Voice response system to measure healthcare costs: a STAR*D report.

Journal Article (Journal Article)

OBJECTIVE: To evaluate a telephone-operated, interactive voice response (IVR) system designed to collect use-of-care data from patients with major depression (UAC-IVR). STUDY DESIGN: Patient self-reports from repeated IVR surveys were compared with provider records for 3789 patients with major depression at 41 clinical sites participating in the Sequenced Treatment Alternatives to Relieve Depression (STAR*D) trial. METHODS: UAC-IVR responses were examined for consistency and compared with provider records to compute reporting biases and intraclass correlation coefficients. Predictors of inconsistent responses and reporting biases were based on mixed logistic and regression models adjusted for need and predisposing and enabling covariates, and corrected for nesting and repeated measures. RESULTS: Inconsistent responses were found for 10% of calls and 21% of patients. Underreporting biases (-20%) and moderate agreement (intraclass correlation of 68%) were found when UAC-IVR responses were compared with medical records. IVR reporting biases were less for patients after 3 calls or more (experience), for patients with severe baseline symptoms (motivation), and for patients who gave consistent IVR responses (reliability). Bias was unrelated to treatment outcomes or demographic factors. CONCLUSION: Clinical managers should use IVR systems to collect service histories only after patients are properly trained and responses monitored for consistency and reporting biases.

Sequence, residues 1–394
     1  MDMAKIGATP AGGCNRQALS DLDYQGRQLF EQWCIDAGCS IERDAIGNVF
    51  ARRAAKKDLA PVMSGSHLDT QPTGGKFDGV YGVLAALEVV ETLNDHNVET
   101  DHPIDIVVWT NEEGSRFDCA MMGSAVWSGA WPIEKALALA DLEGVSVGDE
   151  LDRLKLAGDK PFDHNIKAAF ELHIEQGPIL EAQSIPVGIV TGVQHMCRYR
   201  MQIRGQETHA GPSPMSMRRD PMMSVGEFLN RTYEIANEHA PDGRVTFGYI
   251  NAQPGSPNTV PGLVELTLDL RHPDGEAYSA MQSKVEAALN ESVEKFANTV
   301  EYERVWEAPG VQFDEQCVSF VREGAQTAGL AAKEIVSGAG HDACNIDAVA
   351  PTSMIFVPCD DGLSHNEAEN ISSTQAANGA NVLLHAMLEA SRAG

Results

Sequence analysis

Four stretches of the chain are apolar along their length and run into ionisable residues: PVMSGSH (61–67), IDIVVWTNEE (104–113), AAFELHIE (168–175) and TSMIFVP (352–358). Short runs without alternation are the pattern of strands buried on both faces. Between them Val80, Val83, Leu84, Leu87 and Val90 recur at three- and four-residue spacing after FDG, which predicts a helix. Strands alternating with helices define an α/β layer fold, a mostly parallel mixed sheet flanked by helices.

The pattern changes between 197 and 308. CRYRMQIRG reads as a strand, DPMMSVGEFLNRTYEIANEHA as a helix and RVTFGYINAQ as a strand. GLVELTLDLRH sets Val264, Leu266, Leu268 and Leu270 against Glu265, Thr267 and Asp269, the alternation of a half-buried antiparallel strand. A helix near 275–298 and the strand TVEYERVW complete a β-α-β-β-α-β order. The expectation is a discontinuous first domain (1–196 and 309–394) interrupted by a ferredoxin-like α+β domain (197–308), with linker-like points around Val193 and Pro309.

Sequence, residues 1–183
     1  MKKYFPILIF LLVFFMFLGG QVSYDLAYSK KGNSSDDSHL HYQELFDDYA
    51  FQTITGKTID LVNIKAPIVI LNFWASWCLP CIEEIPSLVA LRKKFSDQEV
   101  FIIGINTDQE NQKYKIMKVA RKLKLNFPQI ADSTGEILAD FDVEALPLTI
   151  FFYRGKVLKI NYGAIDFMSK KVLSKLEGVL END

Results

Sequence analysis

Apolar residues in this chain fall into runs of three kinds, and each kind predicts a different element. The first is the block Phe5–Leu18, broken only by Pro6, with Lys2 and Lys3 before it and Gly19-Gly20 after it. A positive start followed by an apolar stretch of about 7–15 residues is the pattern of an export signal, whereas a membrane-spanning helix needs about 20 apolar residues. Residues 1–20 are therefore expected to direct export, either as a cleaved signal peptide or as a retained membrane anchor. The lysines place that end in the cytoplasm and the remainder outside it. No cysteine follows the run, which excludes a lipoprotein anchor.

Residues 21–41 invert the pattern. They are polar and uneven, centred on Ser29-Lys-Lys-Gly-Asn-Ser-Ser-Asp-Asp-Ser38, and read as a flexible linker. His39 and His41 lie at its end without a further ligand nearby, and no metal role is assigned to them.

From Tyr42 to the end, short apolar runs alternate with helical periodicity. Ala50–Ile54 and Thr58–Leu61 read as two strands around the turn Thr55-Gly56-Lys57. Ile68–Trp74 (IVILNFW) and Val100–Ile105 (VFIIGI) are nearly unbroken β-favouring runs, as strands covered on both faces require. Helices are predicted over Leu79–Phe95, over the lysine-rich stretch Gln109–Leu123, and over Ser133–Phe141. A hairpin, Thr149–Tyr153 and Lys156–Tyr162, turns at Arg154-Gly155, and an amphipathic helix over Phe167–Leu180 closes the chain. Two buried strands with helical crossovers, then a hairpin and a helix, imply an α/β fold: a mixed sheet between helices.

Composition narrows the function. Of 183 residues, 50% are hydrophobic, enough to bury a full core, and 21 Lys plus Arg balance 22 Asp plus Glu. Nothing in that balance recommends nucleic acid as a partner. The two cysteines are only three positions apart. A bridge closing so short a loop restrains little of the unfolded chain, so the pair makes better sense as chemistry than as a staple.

Full Text

Duke Authors

Cited Authors

  • Kashner, TM; Trivedi, MH; Wicker, A; Fava, M; Greist, JH; Mundt, JC; Shores-Wilson, K; Rush, AJ; Wisniewski, SR

Published Date

  • March 2009

Published In

Volume / Issue

  • 15 / 3

Start / End Page

  • 153 - 162

PubMed ID

  • 19298096

Electronic International Standard Serial Number (EISSN)

  • 1936-2692


  • eng

Conference Location

  • United States